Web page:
Aristotle’s Prior Analytics identifies deductions simpliciter with inferential necessity, so that a deduced conclusion is necessarily inferred from some premises. Modern logical reconstructions claim that inferential necessity in Aristotle corresponds to logical validity. However, this logical reconstruction fails on two accounts. First, logical validity does not highlight Aristotle’s distinction between inferential necessity and predicative necessity, meaning that the inferential necessity of a deduction is not of the same kind as the predicative necessity of a non‑deductive argument. Second, logical validity does (...)
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  46. Definição, não contradição e indemonstrabilidade dos princípios: uma proposta de leitura para metafísica 4 à luz de segundos analíticos I,22.Daniel Lourenço - 2013 - Dissertation, Universidade Federal de Santa Catarina
  47. Predicação e demonstração: algumas considerações sobre Segundos Analíticos I, 22.Daniel Lourenço - 2013 - Peri 5 (2):185-200.
  48. Forma Lógica das Proposições Científicas e Ontologia da Predicação: um dilema na filosofia da ciência de Aristóteles.Breno Zuppolini - 2013 - XI Semana Acadêmica Do PPG Em Filosofia da PUCRS:1-15.
    In the Posterior Analytics, Aristotle imposes some requirements on scientific propositions: (i) they must be susceptible of syllogistic articulation, (ii) they must have universal terms as subjects of predication and (iii) their subjects must be primary, i.e. they cannot “be said of a distinct underlying subject”. However, it is problematic to meet those three requirements together. If associated with the theory of predication in Categories, the requirement (iii) shall prescribe names or descriptions of individuals within the category of substance as (...)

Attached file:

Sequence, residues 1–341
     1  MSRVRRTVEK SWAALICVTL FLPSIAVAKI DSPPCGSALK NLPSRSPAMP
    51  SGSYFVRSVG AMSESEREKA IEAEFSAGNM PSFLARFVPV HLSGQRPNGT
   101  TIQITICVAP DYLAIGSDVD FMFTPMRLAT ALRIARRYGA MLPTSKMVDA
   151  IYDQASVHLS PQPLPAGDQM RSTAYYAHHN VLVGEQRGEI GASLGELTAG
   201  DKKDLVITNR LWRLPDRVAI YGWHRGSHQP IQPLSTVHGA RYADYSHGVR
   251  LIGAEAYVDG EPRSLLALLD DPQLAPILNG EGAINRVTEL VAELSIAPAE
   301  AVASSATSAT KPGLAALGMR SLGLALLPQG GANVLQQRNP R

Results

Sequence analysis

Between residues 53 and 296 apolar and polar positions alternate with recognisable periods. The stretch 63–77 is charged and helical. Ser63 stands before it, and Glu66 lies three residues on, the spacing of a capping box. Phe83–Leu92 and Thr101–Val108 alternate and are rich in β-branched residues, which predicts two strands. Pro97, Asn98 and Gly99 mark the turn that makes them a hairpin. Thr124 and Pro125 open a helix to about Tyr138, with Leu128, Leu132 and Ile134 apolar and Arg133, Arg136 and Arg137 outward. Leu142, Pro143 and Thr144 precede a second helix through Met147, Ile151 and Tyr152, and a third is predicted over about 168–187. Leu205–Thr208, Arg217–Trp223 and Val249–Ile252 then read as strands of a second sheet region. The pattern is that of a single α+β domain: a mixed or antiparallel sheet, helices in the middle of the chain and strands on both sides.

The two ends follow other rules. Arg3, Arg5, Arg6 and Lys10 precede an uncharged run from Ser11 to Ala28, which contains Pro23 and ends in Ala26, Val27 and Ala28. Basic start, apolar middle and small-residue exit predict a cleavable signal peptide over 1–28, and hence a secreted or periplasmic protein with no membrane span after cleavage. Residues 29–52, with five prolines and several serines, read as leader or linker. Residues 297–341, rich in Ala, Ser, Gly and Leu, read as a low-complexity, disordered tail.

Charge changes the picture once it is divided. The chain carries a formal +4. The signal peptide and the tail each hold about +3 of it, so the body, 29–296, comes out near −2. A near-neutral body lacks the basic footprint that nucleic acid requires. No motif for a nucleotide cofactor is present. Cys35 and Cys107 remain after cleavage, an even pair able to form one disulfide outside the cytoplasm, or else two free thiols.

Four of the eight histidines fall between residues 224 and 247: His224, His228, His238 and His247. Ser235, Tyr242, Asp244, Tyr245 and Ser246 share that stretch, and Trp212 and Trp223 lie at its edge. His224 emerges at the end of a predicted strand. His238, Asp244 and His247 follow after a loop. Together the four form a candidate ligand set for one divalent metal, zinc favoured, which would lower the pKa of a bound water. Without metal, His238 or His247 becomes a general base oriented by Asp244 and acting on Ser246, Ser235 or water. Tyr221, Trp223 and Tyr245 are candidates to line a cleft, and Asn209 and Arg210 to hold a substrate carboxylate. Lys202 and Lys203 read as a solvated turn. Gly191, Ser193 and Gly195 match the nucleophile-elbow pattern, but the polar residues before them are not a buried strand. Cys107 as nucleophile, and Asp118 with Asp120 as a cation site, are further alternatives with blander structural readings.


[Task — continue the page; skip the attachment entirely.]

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  49. Os seis requisitos das premissas da demonstração científica em Aristóteles.Lucas Angioni - 2012 - Manuscrito 35 (1):7-60.
    I discuss in this paper the six requirements Aristotle advances at Posterior Analytics A-2, 71b20-33, for the premisses of a scientific demonstration. I argue that the six requirements give no support for an intepretation in terms of “axiomatization”. Quite on the contrary, the six requirements can be consistently understood in a very different picture, according to which the most basic feature of a scientific demonstration is to explain a given proposition by its appropriate cause.
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  50. As quatro causas na filosofia da natureza de Aristóteles.Lucas Angioni - 2011 - Anais de Filosofia Clássica 10:1-19.
    I have two aims in this paper. First, I argue that, in Aristotle’s theory of the four causes, there is a basic and common feature by which all causes are causes: they all work in a triadic framework in which they explain why a given attribute holds of a given underlying thing. Secondly, I argue against a version of “compatibilism” according to which each kind of cause is complete in its own domain and does not compete with any other kind. (...)